Two months ago, we shared the news of a landmark court ruling declaring housing benefit discrimination unlawful, marking a huge breakthrough for our End DSS Discrimination campaign.
Yesterday, Stephen Tyler became the first person in England to win a full legal trial against housing benefit discrimination at Birmingham County Court, proving yet again that blanket bans against people receiving housing benefit are unlawful.
The court ruling
Supported by Shelter, Stephen, who is disabled, successfully proved ‘No DSS’ discrimination is unlawful and in breach of the Equality Act, after he was barred from viewing properties advertised by a Birmingham-based estate agent purely on the grounds of receiving housing benefit.
In a phone call with a member of staff at Paul Carr estate agent, Stephen was told that it was ‘company policy’ not to rent to people who receive housing benefit. During the trial, the agent did not admit to having a ‘No DSS’ policy when asked in court. But, with a copy of the property adverts he had applied for and his mobile phone log to prove the phone call had happened, Stephen’s evidence from the witness box was enough to convince the judge that Paul Carr did have a ‘no DSS’ policy.
The discrimination Stephen faced was deemed in breach of the Equality Act, because it disproportionally affects disabled people, who are more likely to need some support with paying their rent.
Shelter research shows that 45% of private renters who claim disability benefits like Disability Living Allowance or Serious Disability Allowance also claim housing benefit.
Having listened to the merits of the case, Her Honour Judge Mary Stacey ruled that:
‘There is no doubt that there was a blanket policy that no one in receipt of housing benefit would be considered for the three properties.
‘It put the claimant and other disabled people at a particular disadvantage when compared to others.
‘To be told simply, because of his benefit status, that he could not apply for three properties which were perfectly located for his children’s school, his GP and health needs, and extended family support, […] would be distressing.
‘We make a declaration that the defendant has unlawfully indirectly discriminated against the claimant by imposing a PCP [Provision, Criteria or Practice] that those in receipt of housing benefit could not apply to those three properties.’
The Tyler family lost their home in February 2018 after they asked the landlord to make some disability adaptations to their home, and the landlord responded by serving the family with a Section 21 ‘no-fault’ eviction notice.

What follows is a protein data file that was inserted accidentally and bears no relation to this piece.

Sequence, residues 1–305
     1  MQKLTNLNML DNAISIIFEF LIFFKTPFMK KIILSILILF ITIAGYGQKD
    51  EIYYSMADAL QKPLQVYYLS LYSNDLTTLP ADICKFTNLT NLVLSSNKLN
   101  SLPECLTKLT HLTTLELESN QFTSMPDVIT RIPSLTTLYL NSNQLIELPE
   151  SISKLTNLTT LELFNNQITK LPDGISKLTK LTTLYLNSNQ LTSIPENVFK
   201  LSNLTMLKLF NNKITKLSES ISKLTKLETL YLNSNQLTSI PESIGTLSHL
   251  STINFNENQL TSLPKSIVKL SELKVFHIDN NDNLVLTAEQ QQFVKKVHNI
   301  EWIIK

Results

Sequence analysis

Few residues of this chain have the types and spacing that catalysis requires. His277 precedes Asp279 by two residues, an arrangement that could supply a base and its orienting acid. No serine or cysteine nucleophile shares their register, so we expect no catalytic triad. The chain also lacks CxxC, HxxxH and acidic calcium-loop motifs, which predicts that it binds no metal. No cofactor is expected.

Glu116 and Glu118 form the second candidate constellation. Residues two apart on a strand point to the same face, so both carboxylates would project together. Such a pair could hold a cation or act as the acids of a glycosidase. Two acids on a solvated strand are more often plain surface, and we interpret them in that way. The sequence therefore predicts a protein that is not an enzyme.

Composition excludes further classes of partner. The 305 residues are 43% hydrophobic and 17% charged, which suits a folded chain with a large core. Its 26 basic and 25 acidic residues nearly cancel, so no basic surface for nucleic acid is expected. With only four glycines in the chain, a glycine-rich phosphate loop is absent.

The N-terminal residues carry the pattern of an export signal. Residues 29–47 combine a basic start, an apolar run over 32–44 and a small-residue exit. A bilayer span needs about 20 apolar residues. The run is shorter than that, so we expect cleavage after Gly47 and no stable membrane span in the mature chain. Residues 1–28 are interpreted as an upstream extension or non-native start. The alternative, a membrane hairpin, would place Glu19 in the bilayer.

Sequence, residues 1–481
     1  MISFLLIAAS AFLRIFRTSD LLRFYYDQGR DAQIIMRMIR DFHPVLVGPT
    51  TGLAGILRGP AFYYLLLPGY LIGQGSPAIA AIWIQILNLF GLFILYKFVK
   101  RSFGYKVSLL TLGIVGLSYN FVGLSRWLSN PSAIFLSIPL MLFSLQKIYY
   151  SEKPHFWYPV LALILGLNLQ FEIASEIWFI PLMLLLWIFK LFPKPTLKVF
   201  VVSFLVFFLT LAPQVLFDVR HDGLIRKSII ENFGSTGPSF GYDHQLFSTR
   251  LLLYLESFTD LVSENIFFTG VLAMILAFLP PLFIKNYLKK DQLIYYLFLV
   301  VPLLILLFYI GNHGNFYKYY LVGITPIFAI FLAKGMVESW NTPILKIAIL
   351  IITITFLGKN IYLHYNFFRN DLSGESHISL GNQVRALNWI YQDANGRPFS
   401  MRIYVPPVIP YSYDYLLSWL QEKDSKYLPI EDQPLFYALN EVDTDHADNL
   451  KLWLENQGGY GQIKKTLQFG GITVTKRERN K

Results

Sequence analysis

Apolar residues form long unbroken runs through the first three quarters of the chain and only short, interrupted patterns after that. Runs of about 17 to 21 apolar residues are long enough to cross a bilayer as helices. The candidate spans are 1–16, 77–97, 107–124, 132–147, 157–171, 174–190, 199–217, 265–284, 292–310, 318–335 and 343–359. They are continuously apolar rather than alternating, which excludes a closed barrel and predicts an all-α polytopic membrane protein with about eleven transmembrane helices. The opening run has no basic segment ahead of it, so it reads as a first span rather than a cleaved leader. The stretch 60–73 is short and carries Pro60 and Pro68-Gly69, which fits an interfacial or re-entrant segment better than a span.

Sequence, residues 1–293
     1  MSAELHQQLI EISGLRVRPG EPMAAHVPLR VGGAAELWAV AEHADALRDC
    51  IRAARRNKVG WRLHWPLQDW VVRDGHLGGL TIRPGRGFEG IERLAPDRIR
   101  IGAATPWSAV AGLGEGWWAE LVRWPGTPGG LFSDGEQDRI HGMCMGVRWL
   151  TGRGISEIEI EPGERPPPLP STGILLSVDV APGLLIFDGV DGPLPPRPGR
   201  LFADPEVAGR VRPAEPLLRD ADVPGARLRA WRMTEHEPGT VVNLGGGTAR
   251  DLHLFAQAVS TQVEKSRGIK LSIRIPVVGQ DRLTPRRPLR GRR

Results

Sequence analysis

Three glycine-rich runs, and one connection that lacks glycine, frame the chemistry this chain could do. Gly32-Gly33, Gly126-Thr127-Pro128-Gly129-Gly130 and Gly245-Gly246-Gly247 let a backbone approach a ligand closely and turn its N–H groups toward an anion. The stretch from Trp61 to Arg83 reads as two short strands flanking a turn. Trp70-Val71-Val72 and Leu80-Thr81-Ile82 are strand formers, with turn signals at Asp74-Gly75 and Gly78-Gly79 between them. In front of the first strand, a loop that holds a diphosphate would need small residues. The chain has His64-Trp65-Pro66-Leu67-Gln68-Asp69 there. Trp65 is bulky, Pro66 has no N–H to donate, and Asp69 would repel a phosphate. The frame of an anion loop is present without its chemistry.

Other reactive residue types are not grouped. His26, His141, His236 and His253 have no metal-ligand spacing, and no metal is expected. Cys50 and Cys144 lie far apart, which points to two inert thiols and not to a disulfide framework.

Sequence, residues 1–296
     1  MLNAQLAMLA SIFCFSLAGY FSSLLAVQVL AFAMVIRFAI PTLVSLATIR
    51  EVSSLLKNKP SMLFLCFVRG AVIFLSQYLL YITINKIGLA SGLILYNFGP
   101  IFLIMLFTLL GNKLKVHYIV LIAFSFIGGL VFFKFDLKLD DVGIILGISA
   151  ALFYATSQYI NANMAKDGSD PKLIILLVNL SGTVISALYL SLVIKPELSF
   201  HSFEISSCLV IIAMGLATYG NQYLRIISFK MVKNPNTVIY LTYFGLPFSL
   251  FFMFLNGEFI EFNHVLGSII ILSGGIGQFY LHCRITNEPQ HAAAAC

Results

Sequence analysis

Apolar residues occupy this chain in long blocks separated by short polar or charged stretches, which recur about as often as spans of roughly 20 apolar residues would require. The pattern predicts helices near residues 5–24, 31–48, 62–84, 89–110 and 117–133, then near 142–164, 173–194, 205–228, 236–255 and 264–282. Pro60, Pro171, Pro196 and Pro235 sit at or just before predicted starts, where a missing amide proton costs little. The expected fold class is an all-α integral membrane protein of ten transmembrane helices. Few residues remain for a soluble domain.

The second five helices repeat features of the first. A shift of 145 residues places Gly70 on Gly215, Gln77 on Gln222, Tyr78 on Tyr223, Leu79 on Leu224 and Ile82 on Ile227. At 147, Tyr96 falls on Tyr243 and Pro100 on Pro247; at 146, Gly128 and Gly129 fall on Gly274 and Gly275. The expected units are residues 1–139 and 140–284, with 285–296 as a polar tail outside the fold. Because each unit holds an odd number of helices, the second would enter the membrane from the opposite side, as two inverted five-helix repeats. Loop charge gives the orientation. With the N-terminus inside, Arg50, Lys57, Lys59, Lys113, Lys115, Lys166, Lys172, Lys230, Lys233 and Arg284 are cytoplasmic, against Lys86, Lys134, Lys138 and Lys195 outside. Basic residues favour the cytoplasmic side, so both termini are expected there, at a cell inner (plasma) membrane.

When looking for a suitable new property to rent, Stephen was told by letting agent Paul Carr that it was ‘company policy’ to refuse to rent to people who receive housing benefit. This was despite him having a clean rental record and having always paid his rent on time.
Stephen has used a wheelchair since a road traffic accident in December 2016 and lives with mental health issues.
Following his accident, Stephen needs substantial personal care, which is mainly provided by his wife Irene, who also cares for their young children.
When the family couldn’t find a home because of DSS discrimination, Stephen made a homeless application to the council. Shelter’s legal team helped his family to secure the social home they live in now.
Speaking after yesterday’s court judgement, Stephen told us:
I feel relieved that it’s over. It’s been a very stressful time. It is amazing to have won – not just for me but for the tens of thousands of people like me facing this discrimination. Hopefully now it’s clear that the law is on our side, things will change.
The beginning of the end for DSS discrimination
Shelter has been fighting against ‘No DSS’ discrimination for the past two years, because as we see through our services it pushes people to the brink of homelessness. We also see how it wrongly leaves people feeling worthless.
This win proves yet again that blanket bans against people on housing benefit are unlawful because they overwhelmingly bar women and disabled people like Stephen, who are more likely to need help with their rent, from finding a safe home.
Now is the time for landlords and letting agents to do better. They have a crystal-clear judgment clarifying the law. They must now make sure they are acting within the law.
But we know that, sadly, proving something is illegal doesn’t immediately end its practice.
Since sharing the news of the first landmark court ruling in July, hundreds of people have contacted our services with similar stories. Too many renters continue to be on the receiving end of housing benefit discrimination, and we are still hearing of letting agents and private landlords ignoring the judgement.
But our campaign to make sure no one is denied their right to a safe home because of discrimination doesn’t stop here. We will carry on the fight until these discriminatory practices are stamped out for good.
If you are experiencing DSS discrimination while searching for a home, we’ve created a template letter you can use to send to the agent and challenge their behaviour.
You can also read about how we helped Shelter client Jane fight DSS discrimination in court.